Calculating Probabilities on each Table of Outcomes

TABLES OF OUTCOMES

Tables of outcomes are tables which compare two categorical variables. They usually result from a survey.

For example, a group of teachers were asked which mode of transport they used to travel to school. Their responses are summarised in the table below. The variables are gender and mode of transport.


In the following example we will see how these tables can be used to estimate probabilities. To help us, we extend the table to include totals in each row and column.

Q1. A box contains coloured blocks. The number of each colour is given in the following table.


A block is selected randomly. What is the probability that the block will be:
a) purple
Solution:
Before we answer the questions we first work out how many blocks there are in total. This gives us the sample space: n(S)=24+32+41+19=116. The probability that a block is purple is:
P(purple)= n(E)/n(S)
=24/116=0.21

b) purple or white
Solution:
The probability that a block is either purple or white is:
P(purple ∪ white)=P(purple)+P(white)-P(purple ∩ white)
=24/116+41/116-0=0.56

c) pink and orange
Solution:
Since one block cannot be two colours the probability of this event is 0.
d) not orange
Solution:
We first work out the probability that a block is orange:
P(orange)=32/116=0.28

The probability that a block is not orange is:
P(not orange)=1-0.28=0.72

Q2. People exiting a new ride at a theme park were asked whether they liked or disliked the ride. The results are shown in the table below.


Use this table to estimate the probability that a randomly selected person who went on the ride:
a) liked the ride
b) is a child and disliked the ride
c) is an adult or disliked the ride
d) liked the ride, given that he or she is a child
e) is an adult, given that he or she disliked the ride.
Solutions:
We extend the table to include totals:

a) 83 out of the 130 people surveyed liked the ride.
P(liked the ride)≈83/130≈0.638

b) “An adult or disliked the ride” means “an adult or disliked the ride, or both”. 17 of the 130 people surveyed are children who disliked the ride.
P(child and disliked the ride) ≈ 17/130≈0.131

c) 28+30+17=75 of the 130 people are adults or disliked the ride.
P(adults or disliked the ride) ≈ 75/130≈0.577

d) Of the 72 children, 55 liked the ride.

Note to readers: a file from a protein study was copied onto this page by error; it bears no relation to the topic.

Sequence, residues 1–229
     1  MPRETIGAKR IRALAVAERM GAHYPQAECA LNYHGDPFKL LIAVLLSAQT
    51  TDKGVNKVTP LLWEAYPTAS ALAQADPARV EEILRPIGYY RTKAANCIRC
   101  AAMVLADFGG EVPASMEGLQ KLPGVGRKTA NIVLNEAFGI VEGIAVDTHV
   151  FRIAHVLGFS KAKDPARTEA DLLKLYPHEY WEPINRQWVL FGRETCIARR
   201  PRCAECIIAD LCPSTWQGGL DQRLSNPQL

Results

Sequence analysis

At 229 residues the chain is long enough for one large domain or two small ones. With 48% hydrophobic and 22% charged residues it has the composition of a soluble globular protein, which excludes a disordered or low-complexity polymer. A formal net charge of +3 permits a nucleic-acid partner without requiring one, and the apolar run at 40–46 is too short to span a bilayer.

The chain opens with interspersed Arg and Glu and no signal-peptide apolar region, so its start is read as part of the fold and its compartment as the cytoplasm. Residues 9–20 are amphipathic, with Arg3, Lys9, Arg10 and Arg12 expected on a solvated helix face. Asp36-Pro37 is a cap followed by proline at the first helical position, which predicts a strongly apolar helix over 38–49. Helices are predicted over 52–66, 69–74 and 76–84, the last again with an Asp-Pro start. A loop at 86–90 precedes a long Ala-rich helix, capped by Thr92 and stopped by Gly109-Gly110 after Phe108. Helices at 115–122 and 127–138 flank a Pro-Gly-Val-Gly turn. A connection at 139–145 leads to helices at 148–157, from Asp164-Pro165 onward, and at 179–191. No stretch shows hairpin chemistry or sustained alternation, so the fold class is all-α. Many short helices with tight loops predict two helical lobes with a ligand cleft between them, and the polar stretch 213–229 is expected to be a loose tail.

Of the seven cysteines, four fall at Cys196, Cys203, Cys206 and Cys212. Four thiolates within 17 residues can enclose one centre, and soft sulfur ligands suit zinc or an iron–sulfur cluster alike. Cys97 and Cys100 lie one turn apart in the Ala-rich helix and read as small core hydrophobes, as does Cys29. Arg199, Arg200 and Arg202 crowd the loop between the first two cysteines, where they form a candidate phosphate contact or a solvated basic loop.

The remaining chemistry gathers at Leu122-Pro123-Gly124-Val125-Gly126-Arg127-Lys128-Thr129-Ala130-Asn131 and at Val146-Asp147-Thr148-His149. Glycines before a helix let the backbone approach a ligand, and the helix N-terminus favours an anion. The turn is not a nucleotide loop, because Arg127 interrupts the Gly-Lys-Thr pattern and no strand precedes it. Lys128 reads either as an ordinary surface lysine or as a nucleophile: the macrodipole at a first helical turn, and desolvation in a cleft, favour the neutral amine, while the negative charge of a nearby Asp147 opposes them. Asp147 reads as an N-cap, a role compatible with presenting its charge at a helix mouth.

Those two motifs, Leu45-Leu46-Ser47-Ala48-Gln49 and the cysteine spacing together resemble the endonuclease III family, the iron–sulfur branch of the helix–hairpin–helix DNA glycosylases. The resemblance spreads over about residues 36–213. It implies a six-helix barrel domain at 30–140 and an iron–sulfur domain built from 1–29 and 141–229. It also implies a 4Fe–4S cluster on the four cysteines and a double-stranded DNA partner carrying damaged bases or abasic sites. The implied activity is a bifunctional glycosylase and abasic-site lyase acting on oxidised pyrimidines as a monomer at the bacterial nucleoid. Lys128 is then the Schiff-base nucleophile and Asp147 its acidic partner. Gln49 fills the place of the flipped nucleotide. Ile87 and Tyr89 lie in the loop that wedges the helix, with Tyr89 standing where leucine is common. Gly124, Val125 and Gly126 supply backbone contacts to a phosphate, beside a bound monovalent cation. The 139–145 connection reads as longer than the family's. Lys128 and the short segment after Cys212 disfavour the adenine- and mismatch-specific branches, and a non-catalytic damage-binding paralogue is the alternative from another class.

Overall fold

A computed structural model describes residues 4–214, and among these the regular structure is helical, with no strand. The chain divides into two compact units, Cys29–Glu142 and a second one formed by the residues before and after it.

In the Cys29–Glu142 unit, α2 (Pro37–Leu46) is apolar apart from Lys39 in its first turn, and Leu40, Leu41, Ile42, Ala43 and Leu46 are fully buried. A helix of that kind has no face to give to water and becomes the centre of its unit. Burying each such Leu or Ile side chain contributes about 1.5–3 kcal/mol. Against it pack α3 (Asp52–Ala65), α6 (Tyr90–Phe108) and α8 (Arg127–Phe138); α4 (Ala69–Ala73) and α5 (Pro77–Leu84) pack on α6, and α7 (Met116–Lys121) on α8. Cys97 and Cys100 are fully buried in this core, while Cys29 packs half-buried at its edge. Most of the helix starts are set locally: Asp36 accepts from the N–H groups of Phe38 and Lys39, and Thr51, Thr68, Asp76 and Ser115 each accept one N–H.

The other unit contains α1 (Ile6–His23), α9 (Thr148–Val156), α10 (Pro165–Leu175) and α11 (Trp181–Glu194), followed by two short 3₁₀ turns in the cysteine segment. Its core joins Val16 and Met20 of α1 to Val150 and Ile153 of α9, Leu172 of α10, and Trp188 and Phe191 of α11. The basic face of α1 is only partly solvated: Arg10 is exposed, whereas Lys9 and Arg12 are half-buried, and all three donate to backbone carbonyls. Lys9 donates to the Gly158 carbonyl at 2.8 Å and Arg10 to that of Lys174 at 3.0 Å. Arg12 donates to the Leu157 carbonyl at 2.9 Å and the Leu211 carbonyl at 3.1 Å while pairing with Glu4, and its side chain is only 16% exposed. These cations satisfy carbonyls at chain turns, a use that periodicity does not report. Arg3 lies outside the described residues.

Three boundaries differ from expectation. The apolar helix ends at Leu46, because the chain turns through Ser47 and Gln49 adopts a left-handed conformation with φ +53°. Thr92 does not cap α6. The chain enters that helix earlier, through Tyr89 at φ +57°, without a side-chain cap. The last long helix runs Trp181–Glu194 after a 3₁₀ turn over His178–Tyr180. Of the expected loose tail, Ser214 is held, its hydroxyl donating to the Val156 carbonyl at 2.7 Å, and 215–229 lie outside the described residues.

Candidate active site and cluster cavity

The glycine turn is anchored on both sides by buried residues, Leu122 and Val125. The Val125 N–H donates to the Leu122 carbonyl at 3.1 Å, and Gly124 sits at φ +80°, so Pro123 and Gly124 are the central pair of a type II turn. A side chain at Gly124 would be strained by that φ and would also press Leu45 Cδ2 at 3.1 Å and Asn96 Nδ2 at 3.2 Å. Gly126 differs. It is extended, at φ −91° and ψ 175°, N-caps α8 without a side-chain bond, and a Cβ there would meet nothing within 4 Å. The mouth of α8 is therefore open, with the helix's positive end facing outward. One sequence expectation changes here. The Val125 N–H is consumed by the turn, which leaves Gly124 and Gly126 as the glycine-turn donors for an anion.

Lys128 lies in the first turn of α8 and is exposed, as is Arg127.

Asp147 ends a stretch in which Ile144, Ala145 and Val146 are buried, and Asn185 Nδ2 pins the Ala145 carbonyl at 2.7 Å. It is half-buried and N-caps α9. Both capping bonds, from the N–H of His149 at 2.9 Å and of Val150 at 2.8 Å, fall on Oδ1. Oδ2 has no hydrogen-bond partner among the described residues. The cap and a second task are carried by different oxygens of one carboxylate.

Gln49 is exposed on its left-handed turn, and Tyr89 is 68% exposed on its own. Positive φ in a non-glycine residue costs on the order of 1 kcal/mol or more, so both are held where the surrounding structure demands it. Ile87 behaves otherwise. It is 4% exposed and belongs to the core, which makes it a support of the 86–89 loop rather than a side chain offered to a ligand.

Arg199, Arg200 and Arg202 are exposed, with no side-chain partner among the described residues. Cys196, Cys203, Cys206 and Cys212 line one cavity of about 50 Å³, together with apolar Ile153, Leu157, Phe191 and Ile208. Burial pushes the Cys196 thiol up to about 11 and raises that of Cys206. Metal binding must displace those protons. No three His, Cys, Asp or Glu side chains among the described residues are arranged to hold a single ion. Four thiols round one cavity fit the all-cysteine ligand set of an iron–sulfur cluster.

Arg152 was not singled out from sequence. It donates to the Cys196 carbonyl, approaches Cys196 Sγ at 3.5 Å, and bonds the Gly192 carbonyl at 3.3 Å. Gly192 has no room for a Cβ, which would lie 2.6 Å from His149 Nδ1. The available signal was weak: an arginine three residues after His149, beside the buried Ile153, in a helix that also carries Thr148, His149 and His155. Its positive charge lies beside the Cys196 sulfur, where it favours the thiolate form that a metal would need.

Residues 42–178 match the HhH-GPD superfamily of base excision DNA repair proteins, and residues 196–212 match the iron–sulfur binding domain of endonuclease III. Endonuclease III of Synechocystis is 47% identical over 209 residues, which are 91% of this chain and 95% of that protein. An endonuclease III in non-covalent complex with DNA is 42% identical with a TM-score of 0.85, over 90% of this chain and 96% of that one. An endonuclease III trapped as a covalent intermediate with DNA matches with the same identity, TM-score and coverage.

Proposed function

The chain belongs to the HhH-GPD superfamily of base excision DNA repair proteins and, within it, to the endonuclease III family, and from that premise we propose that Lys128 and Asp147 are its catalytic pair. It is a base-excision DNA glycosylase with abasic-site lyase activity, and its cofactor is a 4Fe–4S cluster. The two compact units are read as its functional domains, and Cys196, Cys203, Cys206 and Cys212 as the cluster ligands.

P(liked the ride given that he or she is a child) ≈ 55/72≈0.764

e) Of the 47 people who disliked the ride, 30 were adults.
P(adult given that he or she disliked the ride) ≈ 55/72≈0.638

Q3. Use the contingency table below to answer the following questions.


a) What is the probability that someone with black hair has brown eyes?
b) What is the probability that someone has black hair?
c) What is the probability that someone has brown eyes?
d) Are having black hair and having brown eyes dependent or independent events?
Solutions:
a) 80 people have black hair and of those, 50 people also have brown eyes. Therefore the probability that someone with black hair has brown eyes is 50/80=⅝.
Note: this is different from asking for the probability of having black hair and brown eyes. (This probability is computed in part (d) below.) The question was phrased to ask for the probability of having brown eyes given that a person has black hair.
b) Out of a total of 230. 80 have black hair. Therefore the probability that someone has black hair is 80/230=8/23.
c) Out of a total of 230. 120 have brown eyes. Therefore the probability that someone has brown eyes is 120/230=12/23.
d) We already computed that the probability of having
● black hair is 8/23; and
● brown eyes is 12/23.
Since 50 out of 230 people have black hair and brown eyes, the probability of having black hair and brown eyes is 5/23
We conclude that having black hair and brown eyes are dependent events since 5/23≠8/23×12/23.

Q4. People exiting a new ride at a theme park were asked whether they liked or disliked the ride. The results are shown in the table below.


Use this table to estimate the probability that a randomly selected person who went on the ride:
a) liked the ride
b) is a child and disliked the ride
c) is an adult or disliked the ride
d) liked the ride, given that he or she is a child
e) is an adult, given that he or she disliked the ride.
Solutions:
We extend the table to include totals:

a) 83 out of the 130 people surveyed liked the ride.
P(liked the ride)≈83/130≈0.638
b) “An adult or disliked the ride” means “an adult or disliked the ride, or both”. 17 of the 130 people surveyed are children who disliked the ride.
P(child and disliked the ride) ≈ 17/130≈0.131
c) 28+30+17=75 of the 130 people are adults or disliked the ride.
P(adults or disliked the ride) ≈ 75/130≈0.577
d) Of the 72 children, 55 liked the ride.
P(liked the ride given that he or she is a child) ≈ 55/72≈0.764
e) Of the 47 people who disliked the ride, 30 were adults.
P(adult given that he or she disliked the ride) ≈ 55/72≈0.638

Q5. Given the following contingency table, identify the events and determine whether they are dependent or independent.


Solution:
The events are whether a bus leaves from Location A or not and whether a bus left late or not.